Quarantining Verizon's union workers

by Nancy Scola, MyDD

For the moment, let's forget the important recent debate over whether easing the joining of labor unions is a net good or a net bad for both American workers and American business. Let's instead look at how a Fortune 50 like Verizon might attempt to rid itself of an unwelcomed business reality: many of its workers currently belong to a union, either the Communication Workers of America or the International Brotherhood of Electrical Workers. Verizon is a sophisticated, modern telecom behemoth. It isn't likely to resort to blunt-instrument union-avoidance techniques like summarily firing workers who are pro-collective representation.

So what's Verizon to do? Verizon Inc. CEO Ivan Seidenberg is attempting to restructure the telecommunications industry, or at least where Verizon fits into that industry. Verizon's approach to the future is to grow the business while lessening the impact of unionization. How? By quarantining already the unionized technicians, sales people, and service reps of core Verizon from the rest of the growing employee population by building cordon sanitaires around their unit. The end result: unionized Verizon lacks the density that ideas need to spread effectively.

As it stands now, unionization at core Verizon is concentrated to workers who handle POTS -- that's Plain Old Telephone Service. The Seidenberg approach is to not let that high rate of unionization in core Verizon infect the rest of the company as it grows or acquires new units. Verizon has long tried to keep the unions out of Verizon Wireless. Now it's attempting to do the same with other units as they are added to the amalgamation. Case in point is Verizon Business, aka VZB. VZB used to be part of MCI until last year or so, and is now operated as a separate, non-unionized business unit under the umbrella of Verizon Inc. Verizon is moving more and more services and clients and accounts to VZB -- so rather than getting rid of existing union jobs exactly, they're just growing the areas where non-union jobs currently thrive.

As part of my work with the AFL-CIO I've been meeting with the CWA, who along with the IBEW are running a joint campaign to organize about 400 VZB techs in the northeast. About 150 are right here in New York City. The VZB techs have signed cards saying that they want to join the union. Those cards were verified by John Kerry, Stephen Lynch, John Tierney, and others (watch the video). Verizon won't recognize them. Senators Clinton, Kerry, Edwards, and Schumer, and Reps. Slaughter, Weiner, and Nadler and others have pushed the company to recognize the employees' choice. Of course, were the Employee Free Choice Act to pass the Senate and become law, that card check would be enough to form a union here.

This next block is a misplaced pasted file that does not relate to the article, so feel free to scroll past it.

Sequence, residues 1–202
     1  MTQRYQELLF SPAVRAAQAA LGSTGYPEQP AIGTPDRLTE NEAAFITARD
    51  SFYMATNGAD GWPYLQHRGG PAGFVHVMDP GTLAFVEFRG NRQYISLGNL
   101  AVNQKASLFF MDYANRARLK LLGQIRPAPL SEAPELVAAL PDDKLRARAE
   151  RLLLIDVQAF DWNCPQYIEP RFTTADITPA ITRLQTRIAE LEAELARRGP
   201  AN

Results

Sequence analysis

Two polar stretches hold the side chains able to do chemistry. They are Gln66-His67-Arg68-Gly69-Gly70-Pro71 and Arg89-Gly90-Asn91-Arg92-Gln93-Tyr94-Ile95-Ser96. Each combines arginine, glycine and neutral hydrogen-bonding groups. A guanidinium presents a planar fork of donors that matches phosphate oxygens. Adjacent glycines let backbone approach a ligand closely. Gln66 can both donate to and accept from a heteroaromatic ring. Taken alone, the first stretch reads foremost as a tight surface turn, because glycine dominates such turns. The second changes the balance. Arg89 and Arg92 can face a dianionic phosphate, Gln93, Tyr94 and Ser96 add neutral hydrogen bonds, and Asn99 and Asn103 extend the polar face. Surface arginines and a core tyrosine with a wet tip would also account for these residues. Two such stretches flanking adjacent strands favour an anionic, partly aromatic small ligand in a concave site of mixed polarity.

A big part of this picture is that Verizon is aiming to compete with the cable companies, particularly via FiOS, Verizon's fiber-optic cable service to the home. FiOS means super-speedy broadband Internet. (Like up to 50 Mbps under ideal conditions. At that speed I could fully download the next movie in my Netflix queue, which happens right at the minute to be "Harlan County, USA," in about 5 minutes.)

But FiOS also means that Verizon can compete with the cable cos in delivering custom digital television content. Not to draw too much into this discussion, but the buildout of resource-intense last 100-yards technologies like FiOS is one of the things that telecoms cite when they argue against net neutrality. Neutrality (they argue) threatens their ability to control their own revenue streams, and the buildout of FiOS is 'spensive, something like $18 billion.

So Verizon wants to compete with the cable folks. But whereas the rate of unionization in the phone-line-in-the-ground business is around 90%, it's at just about 4% in the cable industry. By comparison, it's at something like 35% in the wireless industry, where Verizon also competes. But even in wireless there are other models. Cingular (now AT&T Wireless) has adopted a stance of neutrality when its workers want to join a union, and something more than half of its workers are unionized. Verizon's different approach means that Verizon Wireless and Verizon wireline are kept deliberately separate, including distinct websites at verizon.com and verizonwireless.com. Verizon customer service reps for the wireless service can't answer a question about wireline services. Instead, they'll transfer you to a unionized rep. Quarantined, see?

As I learn about labor, it seems to me that the whole field of union-avoidance is self-educating, in a way. Best practices get studied and copied. If Verizon is successful in quarantining its union workers as it diversifies and grows, then I'm thinking we'll see these techniques learned from and replicated by other employers in the same boat.

article originally published at http://www.mydd.com/story/2007/4/6/21130/45920.

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